Lord Charles March, the renowned photographer who last week unveiled a new collection of work in a Manhattan gallery, isn't too excited about the prospect of his luxury car driving itself one day.
While consumers will want autonomous vehicles, driverless cars pose a "worry," he said in a recent Bloomberg interview. One of his concerns is that the joy in driving will be erased.
"It's a worry. Urban today kids don't pass their [driver's] test anymore. They're uninterested in that," March told Bloomberg. "In the future they'll just get a card, take a car, drive to the country.
"I worry that the joy, the mobility joy, has been taken away by the digital world. Car manufacturers feel it's a real concern that not so many people are taking their test any more. It's catastrophic."
Automakers might want at least to consider another one of March's warnings--that cars will no longer carry brand prestige as they become computers on wheels.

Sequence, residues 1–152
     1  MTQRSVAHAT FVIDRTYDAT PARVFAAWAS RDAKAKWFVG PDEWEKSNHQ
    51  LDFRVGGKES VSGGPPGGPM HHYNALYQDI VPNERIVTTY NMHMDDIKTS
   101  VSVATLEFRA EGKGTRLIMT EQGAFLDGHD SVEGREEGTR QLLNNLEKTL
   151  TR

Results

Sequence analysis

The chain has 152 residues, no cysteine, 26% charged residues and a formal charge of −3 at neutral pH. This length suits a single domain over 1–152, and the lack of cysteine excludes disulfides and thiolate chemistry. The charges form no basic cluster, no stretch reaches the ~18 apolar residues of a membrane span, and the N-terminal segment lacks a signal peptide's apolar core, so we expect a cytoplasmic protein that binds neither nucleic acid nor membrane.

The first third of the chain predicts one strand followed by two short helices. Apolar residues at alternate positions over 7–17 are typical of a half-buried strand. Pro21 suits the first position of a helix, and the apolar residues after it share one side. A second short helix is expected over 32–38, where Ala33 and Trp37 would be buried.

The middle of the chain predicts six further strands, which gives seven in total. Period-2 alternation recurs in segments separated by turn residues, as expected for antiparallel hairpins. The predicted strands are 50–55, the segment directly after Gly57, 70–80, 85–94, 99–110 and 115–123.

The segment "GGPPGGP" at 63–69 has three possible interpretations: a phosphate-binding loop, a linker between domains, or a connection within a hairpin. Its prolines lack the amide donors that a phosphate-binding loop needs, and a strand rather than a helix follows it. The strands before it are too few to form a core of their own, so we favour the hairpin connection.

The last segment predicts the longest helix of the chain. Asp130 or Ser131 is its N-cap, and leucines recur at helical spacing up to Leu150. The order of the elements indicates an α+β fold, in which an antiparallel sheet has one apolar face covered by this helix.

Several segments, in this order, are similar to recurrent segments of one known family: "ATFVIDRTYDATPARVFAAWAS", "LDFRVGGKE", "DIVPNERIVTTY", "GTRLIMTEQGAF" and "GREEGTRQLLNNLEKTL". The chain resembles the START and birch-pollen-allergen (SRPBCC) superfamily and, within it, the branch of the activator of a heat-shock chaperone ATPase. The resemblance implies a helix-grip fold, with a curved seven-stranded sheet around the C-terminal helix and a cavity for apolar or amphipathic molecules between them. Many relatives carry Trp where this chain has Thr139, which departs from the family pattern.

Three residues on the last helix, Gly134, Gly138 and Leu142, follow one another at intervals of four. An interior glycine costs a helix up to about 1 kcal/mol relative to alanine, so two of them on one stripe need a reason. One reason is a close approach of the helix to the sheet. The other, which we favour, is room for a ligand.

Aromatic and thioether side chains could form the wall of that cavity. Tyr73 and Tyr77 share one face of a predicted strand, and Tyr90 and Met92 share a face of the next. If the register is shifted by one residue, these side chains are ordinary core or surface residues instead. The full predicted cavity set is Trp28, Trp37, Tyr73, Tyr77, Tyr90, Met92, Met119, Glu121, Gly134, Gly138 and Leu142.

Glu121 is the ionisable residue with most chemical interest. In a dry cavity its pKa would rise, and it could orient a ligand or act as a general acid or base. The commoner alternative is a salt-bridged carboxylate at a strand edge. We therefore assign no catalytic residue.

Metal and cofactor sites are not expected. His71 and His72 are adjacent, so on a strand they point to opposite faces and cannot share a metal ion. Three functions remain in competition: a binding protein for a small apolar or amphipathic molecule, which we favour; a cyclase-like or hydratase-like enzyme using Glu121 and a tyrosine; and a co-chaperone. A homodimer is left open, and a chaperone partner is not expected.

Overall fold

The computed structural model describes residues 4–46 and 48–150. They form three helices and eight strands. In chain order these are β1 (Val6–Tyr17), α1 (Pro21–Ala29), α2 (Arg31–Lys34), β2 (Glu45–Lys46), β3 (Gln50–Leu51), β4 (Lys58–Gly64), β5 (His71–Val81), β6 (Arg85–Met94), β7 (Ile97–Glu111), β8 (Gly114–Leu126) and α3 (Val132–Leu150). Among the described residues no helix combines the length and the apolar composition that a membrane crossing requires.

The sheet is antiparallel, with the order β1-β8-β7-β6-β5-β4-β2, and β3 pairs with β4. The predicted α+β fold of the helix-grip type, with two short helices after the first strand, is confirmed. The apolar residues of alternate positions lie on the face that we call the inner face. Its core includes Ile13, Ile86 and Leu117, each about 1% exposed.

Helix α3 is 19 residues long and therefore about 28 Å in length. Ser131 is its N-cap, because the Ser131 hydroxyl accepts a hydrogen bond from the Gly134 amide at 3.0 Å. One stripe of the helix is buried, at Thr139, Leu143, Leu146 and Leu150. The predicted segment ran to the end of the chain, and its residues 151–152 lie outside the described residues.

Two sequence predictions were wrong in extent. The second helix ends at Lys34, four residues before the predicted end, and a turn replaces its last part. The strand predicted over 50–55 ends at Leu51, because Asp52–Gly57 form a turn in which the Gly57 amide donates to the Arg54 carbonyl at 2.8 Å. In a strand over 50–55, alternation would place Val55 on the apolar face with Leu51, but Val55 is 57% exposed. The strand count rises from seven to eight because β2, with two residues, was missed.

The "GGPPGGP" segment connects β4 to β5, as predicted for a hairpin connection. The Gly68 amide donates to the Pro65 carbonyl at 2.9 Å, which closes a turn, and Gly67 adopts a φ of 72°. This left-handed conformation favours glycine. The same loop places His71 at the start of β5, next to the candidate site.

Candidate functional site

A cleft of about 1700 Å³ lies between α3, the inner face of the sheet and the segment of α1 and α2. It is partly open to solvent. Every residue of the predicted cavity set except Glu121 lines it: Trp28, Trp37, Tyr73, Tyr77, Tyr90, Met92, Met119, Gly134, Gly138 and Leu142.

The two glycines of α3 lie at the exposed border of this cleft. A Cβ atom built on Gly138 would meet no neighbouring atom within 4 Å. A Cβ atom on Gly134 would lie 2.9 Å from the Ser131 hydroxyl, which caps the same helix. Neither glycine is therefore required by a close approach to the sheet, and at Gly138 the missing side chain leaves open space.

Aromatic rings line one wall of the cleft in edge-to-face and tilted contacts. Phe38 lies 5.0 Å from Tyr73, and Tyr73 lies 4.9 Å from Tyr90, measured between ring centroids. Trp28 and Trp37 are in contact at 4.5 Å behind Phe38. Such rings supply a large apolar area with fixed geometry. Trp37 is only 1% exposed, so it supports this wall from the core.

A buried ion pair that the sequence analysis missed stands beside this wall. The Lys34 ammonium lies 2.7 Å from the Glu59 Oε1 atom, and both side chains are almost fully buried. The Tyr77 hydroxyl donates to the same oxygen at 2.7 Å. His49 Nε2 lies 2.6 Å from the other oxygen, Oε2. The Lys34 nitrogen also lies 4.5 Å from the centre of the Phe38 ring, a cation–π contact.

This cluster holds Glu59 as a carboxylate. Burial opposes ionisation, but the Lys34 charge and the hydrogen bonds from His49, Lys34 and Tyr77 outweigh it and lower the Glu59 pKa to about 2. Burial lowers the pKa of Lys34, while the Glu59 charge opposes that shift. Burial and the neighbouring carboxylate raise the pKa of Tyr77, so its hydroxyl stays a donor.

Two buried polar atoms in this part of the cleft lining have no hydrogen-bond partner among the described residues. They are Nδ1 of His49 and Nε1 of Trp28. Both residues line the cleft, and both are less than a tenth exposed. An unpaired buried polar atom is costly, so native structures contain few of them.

"The car companies will become irrelevant," he told Bloomberg. "Cars will just become a house for the software."
March, who was working with director Stanley Kubrick at the tender age of 16, has nearly equal passions for photography and fine automobiles. The draw of the car goes far beyond the practical, he said.
"What I'm trying to say is they're both, sometimes, very beautiful, and they do something really interesting: They actually move," March told Bloomberg. "I think it's that whole thing about freedom and being able to be on your own and have your music and your car.
"That's a gorgeous thing, that feeling of speed and nobility completely on your own steam. Everyone understands it."